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Hexose permeation pathways in Plasmodium falciparum-infected erythrocytes

The National Academy of Sciences
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  • Biological Sciences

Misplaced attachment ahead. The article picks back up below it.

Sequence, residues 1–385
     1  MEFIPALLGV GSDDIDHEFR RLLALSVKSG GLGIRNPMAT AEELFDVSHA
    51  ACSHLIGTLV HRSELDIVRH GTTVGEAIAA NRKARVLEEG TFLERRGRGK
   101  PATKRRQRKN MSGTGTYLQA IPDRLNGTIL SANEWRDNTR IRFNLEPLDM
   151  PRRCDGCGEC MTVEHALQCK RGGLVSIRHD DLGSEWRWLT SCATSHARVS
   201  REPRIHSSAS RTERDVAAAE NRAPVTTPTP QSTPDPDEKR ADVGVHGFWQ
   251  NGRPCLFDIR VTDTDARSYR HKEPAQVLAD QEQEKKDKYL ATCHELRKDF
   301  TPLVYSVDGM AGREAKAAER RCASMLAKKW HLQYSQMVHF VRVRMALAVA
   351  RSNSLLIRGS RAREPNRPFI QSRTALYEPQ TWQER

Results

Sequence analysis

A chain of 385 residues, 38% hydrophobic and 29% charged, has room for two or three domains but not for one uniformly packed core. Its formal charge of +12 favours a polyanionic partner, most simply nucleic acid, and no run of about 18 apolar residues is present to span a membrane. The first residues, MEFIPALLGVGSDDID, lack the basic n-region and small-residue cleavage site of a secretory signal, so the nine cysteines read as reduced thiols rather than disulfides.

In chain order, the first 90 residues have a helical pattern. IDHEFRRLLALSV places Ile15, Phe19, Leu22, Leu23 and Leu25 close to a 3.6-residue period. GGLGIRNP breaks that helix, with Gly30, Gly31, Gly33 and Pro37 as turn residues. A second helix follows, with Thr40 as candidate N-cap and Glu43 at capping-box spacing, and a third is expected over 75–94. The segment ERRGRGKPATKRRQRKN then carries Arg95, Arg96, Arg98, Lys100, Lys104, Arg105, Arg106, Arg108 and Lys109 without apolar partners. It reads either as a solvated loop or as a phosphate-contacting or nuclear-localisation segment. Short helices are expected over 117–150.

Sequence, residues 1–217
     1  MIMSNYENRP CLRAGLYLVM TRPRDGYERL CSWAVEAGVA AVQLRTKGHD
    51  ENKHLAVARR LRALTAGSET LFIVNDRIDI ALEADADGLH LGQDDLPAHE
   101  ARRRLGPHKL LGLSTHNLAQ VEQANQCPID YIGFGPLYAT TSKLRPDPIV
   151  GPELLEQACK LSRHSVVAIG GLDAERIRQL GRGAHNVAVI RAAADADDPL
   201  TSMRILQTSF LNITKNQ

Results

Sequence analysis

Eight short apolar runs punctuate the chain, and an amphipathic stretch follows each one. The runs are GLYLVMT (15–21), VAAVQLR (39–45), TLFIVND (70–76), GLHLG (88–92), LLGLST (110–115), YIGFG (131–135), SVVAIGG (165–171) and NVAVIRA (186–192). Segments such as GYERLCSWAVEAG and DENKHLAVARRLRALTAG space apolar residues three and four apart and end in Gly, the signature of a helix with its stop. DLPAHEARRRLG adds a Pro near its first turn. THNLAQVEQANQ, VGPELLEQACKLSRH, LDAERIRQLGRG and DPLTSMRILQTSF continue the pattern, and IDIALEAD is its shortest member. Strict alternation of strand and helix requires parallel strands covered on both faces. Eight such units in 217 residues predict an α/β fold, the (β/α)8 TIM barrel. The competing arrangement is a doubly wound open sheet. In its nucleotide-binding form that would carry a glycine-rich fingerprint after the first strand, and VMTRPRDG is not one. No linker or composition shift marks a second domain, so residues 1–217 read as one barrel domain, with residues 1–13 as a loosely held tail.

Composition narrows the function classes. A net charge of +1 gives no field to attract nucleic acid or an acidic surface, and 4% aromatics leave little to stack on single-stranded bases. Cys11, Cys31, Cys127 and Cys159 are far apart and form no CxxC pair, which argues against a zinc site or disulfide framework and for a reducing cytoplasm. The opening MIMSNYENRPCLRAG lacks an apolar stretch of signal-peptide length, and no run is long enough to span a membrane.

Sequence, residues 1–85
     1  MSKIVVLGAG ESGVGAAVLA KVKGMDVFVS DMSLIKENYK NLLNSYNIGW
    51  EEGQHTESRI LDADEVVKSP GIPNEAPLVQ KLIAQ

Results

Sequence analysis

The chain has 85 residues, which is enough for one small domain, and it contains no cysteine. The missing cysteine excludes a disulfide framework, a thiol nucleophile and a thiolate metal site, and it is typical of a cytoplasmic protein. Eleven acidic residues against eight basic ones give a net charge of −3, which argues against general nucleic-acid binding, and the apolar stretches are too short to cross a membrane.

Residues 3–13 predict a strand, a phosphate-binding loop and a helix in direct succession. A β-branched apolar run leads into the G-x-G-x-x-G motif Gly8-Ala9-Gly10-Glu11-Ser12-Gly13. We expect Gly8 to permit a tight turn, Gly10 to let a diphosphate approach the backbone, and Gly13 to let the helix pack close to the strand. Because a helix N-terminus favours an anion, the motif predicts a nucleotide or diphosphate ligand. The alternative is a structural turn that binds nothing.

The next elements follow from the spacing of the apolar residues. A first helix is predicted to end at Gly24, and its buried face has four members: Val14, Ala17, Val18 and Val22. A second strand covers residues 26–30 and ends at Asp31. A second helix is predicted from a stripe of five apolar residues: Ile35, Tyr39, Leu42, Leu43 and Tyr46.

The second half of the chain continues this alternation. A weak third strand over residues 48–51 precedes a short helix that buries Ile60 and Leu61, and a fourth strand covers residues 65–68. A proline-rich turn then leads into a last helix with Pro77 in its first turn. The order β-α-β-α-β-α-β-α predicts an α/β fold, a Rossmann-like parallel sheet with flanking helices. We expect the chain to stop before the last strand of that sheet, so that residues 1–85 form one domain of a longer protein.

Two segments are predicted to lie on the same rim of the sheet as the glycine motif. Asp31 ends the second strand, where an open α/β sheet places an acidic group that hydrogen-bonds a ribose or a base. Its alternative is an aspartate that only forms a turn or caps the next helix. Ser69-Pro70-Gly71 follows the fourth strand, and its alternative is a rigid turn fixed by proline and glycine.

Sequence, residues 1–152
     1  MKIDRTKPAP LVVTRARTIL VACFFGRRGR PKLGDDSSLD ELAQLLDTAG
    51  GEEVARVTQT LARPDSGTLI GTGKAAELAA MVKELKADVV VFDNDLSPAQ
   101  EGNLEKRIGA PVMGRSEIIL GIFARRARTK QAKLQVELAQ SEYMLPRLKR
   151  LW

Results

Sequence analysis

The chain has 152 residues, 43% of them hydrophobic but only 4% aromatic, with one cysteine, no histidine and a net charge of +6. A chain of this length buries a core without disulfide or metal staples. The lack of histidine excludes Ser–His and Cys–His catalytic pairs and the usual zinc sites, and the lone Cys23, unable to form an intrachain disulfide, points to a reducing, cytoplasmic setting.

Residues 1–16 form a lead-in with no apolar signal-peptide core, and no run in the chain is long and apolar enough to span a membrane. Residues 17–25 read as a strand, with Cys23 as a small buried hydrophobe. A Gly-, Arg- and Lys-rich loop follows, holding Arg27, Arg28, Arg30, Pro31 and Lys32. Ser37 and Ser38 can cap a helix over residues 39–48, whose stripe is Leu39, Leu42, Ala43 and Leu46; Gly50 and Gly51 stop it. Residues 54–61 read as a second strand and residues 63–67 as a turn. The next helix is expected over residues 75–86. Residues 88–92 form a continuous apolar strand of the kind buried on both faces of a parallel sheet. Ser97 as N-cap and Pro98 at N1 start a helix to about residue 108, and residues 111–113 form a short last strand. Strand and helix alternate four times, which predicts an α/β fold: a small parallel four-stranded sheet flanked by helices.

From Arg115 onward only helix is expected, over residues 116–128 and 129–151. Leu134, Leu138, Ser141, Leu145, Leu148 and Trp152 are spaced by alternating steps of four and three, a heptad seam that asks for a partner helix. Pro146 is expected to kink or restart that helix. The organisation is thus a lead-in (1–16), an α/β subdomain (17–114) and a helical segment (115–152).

Plasmodium falciparum requires glucose as its energy source to multiply within erythrocytes but is separated from plasma by multiple membrane systems. The mechanism of delivery of substrates such as glucose to intraerythrocytic parasites is unclear. We have developed a system for robust functional expression in Xenopus oocytes of the P. falciparum asexual stage hexose permease, PfHT1, and have analyzed substrate specificities of PfHT1. We show that PfHT1 (a high-affinity glucose transporter, Km ≈ 1.0 mM) also transports fructose (Km ≈ 11.5 mM). Fructose can replace glucose as an energy source for intraerythrocytic parasites. PfHT1 binds fructose in a furanose conformation and glucose in a pyranose form. Fructose transport by PfHT1 is ablated by mutation of a single glutamine residue, Q169, which is predicted to lie within helix 5 of the hexose permeation pathway. Glucose transport in the Q169N mutant is preserved. Comparison in oocytes of transport properties of PfHT1 and human facilitative glucose transporter (GLUT)1, an archetypal mammalian hexose transporter, combined with studies on cultured P. falciparum, has clarified hexose permeation pathways in infected erythrocytes. Glucose and fructose enter erythrocytes through separate permeation pathways. Our studies suggest that both substrates enter parasites via PfHT1.

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